[Library moms, please take note. If you see a shaggy, middle-aged White male lurking about with a clipboard, it’s not a pervert. It’s just me, your irrelevant correspondent. AKA DBP.]




    i am having a really difficult time getting upset about the “city” depriving poor men from seeing naked women.

    Nor do i buy the idea that men’s only access is now on a public computer system.

    if the bus system can get “poor” men to casinos…

    it can get them to strippers.



    this comes down to the idea that a single individuals “rights” are more important than those of the community.

    i have no problem with the Seattle public library protecting the individual’s right to unfettered access to materials.

    what i have a problem with is the idea that a private activity.. like viewing porn… is being made so public that anyone walking past a computer screen is treated to the view of naked bodies having sex.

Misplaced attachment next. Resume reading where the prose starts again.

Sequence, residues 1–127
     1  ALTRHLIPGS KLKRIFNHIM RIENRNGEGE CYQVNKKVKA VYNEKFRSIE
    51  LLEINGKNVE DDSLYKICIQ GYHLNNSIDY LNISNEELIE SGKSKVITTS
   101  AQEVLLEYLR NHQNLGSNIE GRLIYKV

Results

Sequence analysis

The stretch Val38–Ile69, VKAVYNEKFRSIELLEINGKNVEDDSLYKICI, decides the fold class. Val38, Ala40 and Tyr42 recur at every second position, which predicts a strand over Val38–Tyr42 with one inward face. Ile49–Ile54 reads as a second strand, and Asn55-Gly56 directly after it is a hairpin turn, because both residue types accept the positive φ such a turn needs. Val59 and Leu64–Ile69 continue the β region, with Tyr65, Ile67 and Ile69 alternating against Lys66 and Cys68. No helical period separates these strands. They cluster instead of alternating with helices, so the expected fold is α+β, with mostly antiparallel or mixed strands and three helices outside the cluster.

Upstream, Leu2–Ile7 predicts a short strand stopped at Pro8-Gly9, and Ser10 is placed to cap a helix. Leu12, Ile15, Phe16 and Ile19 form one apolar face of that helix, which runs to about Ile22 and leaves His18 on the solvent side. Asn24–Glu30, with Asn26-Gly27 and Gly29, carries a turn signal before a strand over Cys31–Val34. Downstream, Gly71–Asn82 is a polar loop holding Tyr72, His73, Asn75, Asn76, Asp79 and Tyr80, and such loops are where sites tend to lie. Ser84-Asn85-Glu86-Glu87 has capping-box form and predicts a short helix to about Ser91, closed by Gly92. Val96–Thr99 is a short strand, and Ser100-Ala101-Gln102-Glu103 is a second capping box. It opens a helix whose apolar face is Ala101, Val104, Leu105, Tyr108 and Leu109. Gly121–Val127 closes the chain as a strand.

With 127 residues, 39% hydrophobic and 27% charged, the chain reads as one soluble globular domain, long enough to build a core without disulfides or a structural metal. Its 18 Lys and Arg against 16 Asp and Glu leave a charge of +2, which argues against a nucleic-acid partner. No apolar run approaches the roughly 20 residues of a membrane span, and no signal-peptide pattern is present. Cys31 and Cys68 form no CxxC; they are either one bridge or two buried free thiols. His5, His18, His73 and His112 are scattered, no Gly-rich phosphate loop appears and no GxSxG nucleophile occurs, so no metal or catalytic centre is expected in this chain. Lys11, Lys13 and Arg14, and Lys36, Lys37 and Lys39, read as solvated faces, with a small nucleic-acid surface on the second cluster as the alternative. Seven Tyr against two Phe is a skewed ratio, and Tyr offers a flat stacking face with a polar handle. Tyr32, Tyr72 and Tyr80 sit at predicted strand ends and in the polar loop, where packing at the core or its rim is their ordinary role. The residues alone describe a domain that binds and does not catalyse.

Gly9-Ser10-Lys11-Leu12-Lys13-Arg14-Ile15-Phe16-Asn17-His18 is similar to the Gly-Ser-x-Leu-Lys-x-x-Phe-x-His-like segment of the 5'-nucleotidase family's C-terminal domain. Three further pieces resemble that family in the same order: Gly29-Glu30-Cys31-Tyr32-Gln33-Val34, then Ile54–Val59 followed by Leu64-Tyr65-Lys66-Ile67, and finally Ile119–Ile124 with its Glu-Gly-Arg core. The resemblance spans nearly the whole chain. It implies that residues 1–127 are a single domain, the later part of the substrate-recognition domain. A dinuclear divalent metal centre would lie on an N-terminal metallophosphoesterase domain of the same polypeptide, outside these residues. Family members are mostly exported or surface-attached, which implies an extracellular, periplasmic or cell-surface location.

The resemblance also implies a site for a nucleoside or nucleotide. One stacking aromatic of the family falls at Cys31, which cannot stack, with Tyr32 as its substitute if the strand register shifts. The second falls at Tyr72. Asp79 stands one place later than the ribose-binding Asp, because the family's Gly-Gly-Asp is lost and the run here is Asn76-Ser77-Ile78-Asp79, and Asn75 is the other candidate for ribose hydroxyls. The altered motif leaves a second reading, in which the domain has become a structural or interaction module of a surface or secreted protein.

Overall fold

this is not something i want to see

    and i am neither a child nor a prude.



    Ah the delicate balancing act between nanny government and civil behavior. There is an easy choice. I don’t discount the message of the poster. I have taken many,many a trip to the library without this being an issue. In the end though if this is the way it is, and enough parents find it to be so… simple solution. Stop patronizing the library. We do it when we withdraw our kids from public schools, we do it when we don’t let them enter Volunteer Park restrooms..The complaints on Volunteer went unheeded… they are now closing the atrium for lack of public participation..families don’t go there…. community standards are what the community will tolerate. At some point the library loses. It loses a future generation who don’t have the habitual tradition of seeking out public libraries. There are lots of school libraries that would never tolerate this. Use your options.